Saturday, October 30, 2010

Creating a Heap Class in one Python Line

Sometimes the stdlib is just strange --
like, the "heapq" module -- it provides some methods to use a list as a Heap, according to some well known algorithms - but it does not provide itself a "Heap" class -  You have to create your Healp as an empty list, and call "heapq.heappush" and "heapq.heappop"  (among other  methods), always passing your "heap" (list) as the first argument.

Oh.. "the object itself" as its first argument -- I had seen that before - so, we could possibly just create a class and in its body provide "pop = heapq.heappop" , and so on -- since these "heap*" methods signature is always "heapq.heap* (heap[, arg])", if I mark these functions as a "Heap class" Method themselves, they should work as methods. Not!

class Heap(list):
    pop = heapq.heappop 

The only members  in a class body that are promoted to "InstanceMethods" are functions - and the hepq methods are "built-in functions".  It is a trick on how Python new style classes work. Without being functions, they are not promoted to "methods", and whenever they are called, the object instance will not be pre-pended to parameters list.

So, the most obvious way to do that, is to create wrapper functions that just call the heapq.methods, and use  those as methods in a class that inherits from "list".

Since the goal is to do that in one line, this is the perfect ocasion to use the new dictionary generators from Python 2.7 to create the class body.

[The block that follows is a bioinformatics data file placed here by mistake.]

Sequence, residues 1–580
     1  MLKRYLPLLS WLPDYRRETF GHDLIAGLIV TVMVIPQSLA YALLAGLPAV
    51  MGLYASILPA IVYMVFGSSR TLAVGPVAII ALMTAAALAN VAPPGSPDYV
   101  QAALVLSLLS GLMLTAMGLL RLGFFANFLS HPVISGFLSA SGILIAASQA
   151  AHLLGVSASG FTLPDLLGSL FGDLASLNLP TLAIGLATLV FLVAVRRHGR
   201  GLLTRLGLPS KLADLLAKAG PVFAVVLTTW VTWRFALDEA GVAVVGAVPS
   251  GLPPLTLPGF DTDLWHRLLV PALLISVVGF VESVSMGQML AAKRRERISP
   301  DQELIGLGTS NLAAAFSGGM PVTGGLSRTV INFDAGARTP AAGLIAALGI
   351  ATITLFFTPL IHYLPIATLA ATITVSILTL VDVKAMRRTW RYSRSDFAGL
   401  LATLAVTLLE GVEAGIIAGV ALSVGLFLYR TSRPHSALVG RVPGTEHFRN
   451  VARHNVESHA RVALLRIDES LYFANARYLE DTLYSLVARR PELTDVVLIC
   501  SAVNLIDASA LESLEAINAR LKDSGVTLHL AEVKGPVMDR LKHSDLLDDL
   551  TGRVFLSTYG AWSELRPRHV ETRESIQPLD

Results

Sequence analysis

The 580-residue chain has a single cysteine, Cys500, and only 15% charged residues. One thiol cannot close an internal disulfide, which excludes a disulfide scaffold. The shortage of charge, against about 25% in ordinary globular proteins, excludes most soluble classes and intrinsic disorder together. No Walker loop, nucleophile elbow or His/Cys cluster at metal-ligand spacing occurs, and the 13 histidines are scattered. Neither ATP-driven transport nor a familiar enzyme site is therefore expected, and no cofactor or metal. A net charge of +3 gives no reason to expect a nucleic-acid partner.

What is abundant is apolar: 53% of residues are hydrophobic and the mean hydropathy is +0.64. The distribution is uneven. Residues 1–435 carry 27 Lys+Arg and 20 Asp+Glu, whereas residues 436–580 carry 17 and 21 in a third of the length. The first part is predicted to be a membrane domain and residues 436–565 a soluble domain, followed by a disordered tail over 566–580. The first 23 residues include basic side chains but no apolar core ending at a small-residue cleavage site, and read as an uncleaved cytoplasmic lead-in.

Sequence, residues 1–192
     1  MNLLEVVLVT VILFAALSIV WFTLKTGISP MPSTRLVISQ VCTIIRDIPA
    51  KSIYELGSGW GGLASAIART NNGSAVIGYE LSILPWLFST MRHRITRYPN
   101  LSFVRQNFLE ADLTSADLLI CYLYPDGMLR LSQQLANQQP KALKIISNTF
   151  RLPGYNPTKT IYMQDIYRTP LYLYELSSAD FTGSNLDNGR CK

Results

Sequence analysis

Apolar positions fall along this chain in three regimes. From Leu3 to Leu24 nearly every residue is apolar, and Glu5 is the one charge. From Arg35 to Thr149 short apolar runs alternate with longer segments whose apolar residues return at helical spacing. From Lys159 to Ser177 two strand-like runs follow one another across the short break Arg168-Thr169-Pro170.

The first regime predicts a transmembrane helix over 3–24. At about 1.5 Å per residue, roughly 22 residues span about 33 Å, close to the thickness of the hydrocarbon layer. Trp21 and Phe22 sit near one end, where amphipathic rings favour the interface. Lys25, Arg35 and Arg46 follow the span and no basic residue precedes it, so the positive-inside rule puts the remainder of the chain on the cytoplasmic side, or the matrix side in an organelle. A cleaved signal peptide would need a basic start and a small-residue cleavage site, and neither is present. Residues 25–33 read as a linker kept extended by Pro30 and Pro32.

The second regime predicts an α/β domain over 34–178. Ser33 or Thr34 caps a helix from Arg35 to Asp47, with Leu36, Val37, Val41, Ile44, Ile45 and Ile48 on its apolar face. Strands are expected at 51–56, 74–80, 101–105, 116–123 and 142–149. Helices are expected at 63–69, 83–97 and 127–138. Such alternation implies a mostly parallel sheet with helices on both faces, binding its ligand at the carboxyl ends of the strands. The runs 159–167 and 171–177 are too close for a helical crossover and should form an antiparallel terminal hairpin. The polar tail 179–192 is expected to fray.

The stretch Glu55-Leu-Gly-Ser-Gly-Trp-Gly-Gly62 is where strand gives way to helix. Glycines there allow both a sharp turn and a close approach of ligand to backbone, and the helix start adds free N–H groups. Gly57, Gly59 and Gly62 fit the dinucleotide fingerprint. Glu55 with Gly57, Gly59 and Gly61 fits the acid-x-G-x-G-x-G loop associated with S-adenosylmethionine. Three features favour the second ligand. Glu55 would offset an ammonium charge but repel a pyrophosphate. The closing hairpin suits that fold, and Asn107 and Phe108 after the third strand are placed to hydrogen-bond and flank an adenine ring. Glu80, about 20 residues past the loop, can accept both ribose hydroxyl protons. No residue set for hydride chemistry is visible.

So we try:

Heap = type("Heap", (list,), {item: (lambda self, *args: getattr(heapq, "heap" + item)(self, *args))  for item in ("pop", "push", "pushpop", "replace")   } )

This also does not work!
We  have to keep in mind whenever we generate functions inside a for loop in Python, that functions work in a closure - so, the variables used on the "for" itself will always evaluate to the last value the attained in the "for statement" when the generated functions are called.  Hence, all the members in the class above will wrap "heapq.heapreplace".

The way to get it working is to add yield the generated functions from another level of wrapper functions, so that the variables used in the loop are frozen in this second-level wrappers.

import heapq
Heap = type("Heap", (list,), {item: (lambda item2: (lambda self, *args: getattr(heapq, "heap" + item2)(self, *args)))(item)  for item in ("pop", "push", "pushpop", "replace")})

And now we are in business:

>>> a = Heap()
>>> a.push(10)
>>> a.push(5)
>>> a.push(1)
>>> a.push(20)
>>> a.pop()
>>> a.pop()
>>> a.pushpop(30)